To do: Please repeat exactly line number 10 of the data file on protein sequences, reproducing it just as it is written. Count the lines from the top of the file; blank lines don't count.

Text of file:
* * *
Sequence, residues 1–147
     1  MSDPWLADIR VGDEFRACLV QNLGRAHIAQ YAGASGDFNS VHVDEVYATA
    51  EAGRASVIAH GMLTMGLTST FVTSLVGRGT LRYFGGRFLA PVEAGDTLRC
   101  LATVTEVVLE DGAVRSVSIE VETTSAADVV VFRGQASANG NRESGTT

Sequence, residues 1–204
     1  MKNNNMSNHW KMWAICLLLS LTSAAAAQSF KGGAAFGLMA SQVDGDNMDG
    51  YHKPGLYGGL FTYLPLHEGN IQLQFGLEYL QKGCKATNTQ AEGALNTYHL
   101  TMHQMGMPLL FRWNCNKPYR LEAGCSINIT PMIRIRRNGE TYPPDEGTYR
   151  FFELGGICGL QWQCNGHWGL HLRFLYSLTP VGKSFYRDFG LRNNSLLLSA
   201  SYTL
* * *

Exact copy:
   201  SYTL